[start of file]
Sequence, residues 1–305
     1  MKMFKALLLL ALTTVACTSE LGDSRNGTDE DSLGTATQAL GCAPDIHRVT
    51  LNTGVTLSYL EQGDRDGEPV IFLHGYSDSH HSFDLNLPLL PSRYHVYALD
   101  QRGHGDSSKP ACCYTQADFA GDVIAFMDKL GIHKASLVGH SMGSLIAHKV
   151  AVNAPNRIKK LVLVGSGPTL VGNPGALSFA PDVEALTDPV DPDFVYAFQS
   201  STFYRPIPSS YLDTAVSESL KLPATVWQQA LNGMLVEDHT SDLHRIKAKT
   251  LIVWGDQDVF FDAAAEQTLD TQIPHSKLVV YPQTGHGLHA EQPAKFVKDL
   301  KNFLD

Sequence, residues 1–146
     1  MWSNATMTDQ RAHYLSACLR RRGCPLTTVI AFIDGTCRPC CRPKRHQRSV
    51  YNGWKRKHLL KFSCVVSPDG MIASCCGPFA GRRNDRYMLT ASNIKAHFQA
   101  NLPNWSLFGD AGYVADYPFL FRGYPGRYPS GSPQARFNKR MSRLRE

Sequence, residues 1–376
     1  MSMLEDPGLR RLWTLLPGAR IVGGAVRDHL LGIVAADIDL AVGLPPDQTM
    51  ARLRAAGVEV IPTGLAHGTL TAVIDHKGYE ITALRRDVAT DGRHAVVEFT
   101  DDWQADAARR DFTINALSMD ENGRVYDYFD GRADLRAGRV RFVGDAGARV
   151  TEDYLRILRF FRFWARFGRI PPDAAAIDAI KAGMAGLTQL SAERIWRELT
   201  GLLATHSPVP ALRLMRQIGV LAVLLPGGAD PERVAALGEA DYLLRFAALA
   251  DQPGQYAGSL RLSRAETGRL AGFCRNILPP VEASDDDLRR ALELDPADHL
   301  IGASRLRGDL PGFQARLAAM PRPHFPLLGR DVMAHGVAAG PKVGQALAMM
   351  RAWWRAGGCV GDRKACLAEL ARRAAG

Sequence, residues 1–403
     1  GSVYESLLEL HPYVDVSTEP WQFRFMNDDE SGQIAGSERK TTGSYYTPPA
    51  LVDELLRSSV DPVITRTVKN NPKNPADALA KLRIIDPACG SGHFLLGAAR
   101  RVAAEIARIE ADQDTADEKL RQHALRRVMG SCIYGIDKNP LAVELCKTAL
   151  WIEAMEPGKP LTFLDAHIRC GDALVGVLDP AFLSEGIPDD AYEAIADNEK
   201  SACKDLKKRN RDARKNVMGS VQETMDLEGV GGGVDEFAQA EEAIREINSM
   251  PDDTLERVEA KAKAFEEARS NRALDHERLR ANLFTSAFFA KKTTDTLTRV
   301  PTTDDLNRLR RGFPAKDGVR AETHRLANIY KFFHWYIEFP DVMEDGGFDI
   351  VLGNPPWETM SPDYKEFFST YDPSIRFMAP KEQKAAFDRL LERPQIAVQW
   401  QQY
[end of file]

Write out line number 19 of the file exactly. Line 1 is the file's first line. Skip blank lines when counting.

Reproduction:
   251  DQPGQYAGSL RLSRAETGRL AGFCRNILPP VEASDDDLRR ALELDPADHL